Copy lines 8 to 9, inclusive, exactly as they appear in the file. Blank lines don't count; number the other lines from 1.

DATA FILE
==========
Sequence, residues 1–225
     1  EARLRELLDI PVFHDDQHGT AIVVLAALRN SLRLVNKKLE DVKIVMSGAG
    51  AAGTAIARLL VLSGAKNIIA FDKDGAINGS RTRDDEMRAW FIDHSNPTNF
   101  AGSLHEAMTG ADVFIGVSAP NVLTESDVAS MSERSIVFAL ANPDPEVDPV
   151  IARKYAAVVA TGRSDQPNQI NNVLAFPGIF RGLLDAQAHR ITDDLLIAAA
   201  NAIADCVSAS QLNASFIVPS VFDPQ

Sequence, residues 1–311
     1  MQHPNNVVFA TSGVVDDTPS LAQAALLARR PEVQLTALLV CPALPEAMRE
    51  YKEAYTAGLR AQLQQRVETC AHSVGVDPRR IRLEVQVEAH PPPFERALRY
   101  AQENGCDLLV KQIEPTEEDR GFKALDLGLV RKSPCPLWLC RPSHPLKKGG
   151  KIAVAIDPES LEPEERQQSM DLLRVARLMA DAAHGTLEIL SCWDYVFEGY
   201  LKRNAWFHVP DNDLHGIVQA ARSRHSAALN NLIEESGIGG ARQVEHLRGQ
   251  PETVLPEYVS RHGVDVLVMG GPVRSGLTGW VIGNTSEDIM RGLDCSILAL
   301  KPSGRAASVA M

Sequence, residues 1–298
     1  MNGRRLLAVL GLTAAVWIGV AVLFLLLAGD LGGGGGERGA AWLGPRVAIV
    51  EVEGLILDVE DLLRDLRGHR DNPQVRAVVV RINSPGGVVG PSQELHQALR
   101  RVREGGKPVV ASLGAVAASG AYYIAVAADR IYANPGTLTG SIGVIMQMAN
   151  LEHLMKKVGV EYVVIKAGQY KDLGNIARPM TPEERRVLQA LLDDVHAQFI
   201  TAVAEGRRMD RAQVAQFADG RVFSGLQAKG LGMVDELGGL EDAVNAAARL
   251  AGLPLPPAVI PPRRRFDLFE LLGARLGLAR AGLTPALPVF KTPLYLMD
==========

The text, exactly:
     1  MQHPNNVVFA TSGVVDDTPS LAQAALLARR PEVQLTALLV CPALPEAMRE
    51  YKEAYTAGLR AQLQQRVETC AHSVGVDPRR IRLEVQVEAH PPPFERALRY